Archive for July, 2020


Back in 2013 I wrote:

Unless they mean it humorously, when people utter this phrase – “but I’m not complaining” – they are  *always* complaining; i.e., they are expressing “pain, grief, or discontent.” What these sad and/or irritated individuals mean to say is this:  “But I’m not whining.”  That is, they are not complaining in a petulant, feeble, long-lasting, or high-pitched manner.  Nonetheless, they *are* whining, usually, despite their protests of innocence, aren’t they?

I felt I needed to come up with a formula to get my insight across: “If you complain about the same thing three times in a row, no other significant topic intervening, then you are in fact whining.”

With the pandemic, it has become almost impossible to interrupt one’s complaints with other topics. For example, my partner lives in the United States and we can’t cross the border to see one another. The “pain” and “discontent,” if not the “grief,” is continual. On the few occasions I am not talking about it, others are asking me about it.

So therefore, a new formula: Whining = just fine.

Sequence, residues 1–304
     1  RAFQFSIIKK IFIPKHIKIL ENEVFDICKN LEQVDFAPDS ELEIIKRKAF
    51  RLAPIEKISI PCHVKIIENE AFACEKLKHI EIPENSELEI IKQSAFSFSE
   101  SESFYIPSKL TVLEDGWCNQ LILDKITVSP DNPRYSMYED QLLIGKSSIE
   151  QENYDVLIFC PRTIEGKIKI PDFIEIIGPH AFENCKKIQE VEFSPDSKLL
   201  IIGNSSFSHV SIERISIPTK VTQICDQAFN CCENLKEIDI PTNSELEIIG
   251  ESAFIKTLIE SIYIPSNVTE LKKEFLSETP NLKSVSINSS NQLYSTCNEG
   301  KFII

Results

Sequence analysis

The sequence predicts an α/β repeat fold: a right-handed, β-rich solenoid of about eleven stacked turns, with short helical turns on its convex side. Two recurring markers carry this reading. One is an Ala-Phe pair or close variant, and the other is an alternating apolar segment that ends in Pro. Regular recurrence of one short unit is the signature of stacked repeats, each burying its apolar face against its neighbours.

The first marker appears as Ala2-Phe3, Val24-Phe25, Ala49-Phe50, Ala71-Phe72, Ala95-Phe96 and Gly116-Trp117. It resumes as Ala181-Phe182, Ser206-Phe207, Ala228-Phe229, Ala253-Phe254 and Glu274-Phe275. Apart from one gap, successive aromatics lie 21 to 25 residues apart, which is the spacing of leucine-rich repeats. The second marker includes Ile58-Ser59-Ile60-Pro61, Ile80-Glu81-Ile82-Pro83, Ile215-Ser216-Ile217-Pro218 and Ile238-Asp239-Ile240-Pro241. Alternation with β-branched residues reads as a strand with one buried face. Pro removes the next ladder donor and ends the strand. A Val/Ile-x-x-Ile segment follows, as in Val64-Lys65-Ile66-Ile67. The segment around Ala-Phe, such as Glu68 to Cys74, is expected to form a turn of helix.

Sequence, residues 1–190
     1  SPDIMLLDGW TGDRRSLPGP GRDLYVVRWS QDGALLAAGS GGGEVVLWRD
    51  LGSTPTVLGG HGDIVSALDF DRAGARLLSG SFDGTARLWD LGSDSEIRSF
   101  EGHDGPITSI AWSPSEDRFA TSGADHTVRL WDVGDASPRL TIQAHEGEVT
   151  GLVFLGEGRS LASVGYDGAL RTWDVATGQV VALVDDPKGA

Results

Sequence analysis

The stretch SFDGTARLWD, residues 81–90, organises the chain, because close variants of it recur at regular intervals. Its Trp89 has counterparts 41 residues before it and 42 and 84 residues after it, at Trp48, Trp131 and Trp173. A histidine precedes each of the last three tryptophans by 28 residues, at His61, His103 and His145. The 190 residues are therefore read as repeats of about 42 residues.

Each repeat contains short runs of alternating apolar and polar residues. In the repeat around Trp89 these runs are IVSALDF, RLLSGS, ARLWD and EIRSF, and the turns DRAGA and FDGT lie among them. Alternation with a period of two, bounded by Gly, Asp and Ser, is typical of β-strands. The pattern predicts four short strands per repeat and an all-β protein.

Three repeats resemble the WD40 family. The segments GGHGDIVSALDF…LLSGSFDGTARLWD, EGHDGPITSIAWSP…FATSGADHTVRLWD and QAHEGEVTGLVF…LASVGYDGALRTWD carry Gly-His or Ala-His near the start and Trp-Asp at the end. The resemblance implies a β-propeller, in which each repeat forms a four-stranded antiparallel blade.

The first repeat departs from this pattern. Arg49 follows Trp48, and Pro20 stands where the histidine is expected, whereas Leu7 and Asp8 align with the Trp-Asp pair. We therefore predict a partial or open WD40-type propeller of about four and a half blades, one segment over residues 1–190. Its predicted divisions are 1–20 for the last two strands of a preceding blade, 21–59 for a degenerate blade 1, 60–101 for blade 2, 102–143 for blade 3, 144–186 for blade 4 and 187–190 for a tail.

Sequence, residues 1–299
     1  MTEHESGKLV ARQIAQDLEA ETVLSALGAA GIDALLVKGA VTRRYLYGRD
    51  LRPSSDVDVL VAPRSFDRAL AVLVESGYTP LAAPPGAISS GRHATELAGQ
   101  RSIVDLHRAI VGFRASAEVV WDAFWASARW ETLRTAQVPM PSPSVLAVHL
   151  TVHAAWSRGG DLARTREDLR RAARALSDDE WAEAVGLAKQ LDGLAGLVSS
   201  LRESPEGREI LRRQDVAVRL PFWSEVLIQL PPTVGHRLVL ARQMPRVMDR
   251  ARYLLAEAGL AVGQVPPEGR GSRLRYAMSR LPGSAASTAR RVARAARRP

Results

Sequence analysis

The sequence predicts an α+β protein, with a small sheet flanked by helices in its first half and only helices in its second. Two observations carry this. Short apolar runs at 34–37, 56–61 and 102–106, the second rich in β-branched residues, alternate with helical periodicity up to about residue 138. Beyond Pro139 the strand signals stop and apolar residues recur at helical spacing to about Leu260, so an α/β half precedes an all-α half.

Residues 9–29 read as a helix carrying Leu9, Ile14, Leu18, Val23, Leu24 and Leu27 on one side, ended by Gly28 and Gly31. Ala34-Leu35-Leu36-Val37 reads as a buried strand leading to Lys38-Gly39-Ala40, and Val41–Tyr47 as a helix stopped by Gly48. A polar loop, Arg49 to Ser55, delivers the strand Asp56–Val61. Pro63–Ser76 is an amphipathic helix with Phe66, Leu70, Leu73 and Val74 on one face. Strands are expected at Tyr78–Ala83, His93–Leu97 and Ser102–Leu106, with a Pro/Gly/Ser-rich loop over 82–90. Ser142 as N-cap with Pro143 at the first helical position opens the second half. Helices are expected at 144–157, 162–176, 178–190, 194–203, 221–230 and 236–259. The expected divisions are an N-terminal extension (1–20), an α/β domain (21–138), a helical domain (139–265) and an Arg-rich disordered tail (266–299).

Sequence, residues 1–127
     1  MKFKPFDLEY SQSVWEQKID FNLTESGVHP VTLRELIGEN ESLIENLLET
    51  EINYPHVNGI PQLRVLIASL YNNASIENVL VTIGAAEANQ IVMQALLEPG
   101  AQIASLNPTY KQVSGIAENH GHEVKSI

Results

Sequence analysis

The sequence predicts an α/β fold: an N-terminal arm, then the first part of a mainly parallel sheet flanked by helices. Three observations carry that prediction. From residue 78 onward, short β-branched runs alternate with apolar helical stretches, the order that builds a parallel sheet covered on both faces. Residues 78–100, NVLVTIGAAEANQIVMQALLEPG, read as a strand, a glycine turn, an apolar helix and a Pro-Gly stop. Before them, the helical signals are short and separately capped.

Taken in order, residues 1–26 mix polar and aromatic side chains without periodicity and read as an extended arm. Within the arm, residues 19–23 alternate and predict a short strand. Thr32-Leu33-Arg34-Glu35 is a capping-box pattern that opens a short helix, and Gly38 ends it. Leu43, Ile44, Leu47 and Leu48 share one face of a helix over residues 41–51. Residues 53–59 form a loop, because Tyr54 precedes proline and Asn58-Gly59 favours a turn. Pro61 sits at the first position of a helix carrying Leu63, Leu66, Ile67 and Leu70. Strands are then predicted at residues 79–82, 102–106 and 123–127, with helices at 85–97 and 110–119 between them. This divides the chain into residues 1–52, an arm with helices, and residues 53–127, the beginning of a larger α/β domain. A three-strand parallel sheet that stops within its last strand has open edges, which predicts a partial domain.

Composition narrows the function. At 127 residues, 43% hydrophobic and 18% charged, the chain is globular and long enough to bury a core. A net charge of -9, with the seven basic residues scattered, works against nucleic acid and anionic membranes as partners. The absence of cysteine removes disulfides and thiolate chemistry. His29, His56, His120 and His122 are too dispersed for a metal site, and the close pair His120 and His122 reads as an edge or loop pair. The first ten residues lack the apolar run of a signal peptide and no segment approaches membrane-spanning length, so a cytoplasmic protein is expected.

The Greeks and Us

Lately I’ve been beginning my mornings reading the Greek Tragedies. It has been a joy! Perhaps the biggest theme in the Aeschylus and Sophocles I’ve read so far: the pressure of justice upon children. I’ve been reminded of something I wrote on that topic awhile ago about more modern times:

Compared to how often parents denounce and disown their children, it is remarkably rare to see them do so in print. Why? Perhaps because, to anyone outside the writer’s particular family orbit, slagging one’s offspring utterly undermines one’s standing as a parent, and hence one’s authorial credibility, too. (The father of cannibal Jeffrey Dahmer, Lionel Dahmer, saves his harsh judgments for himself.)

I can think of only one example in the genre: Famous atheist Madalyn Murray O’Hair’s rejection of her first son, William Murray, after he became a born-again Christian. (This son was the “Murray” in the Supreme Court Case Murray v. Curlett in which the court banned prayer in United States schools.) O’Hair wrote: “One could call this a postnatal abortion on the part of a mother, I guess; I repudiate him entirely and completely for now and all times. He is beyond human forgiveness.”

Books by adult children attacking their parents, on the other hand, are everywhere.  Parents, even if they are not dead, can’t fight back without bringing upon themselves righteous fury and dishonour. This genre, then, allows justice for those children among us who could never defend themselves before, but for the rest it provides a template for cowardice and disgrace that is tempting for a time. [4 June ’04]

Happy Canada Day

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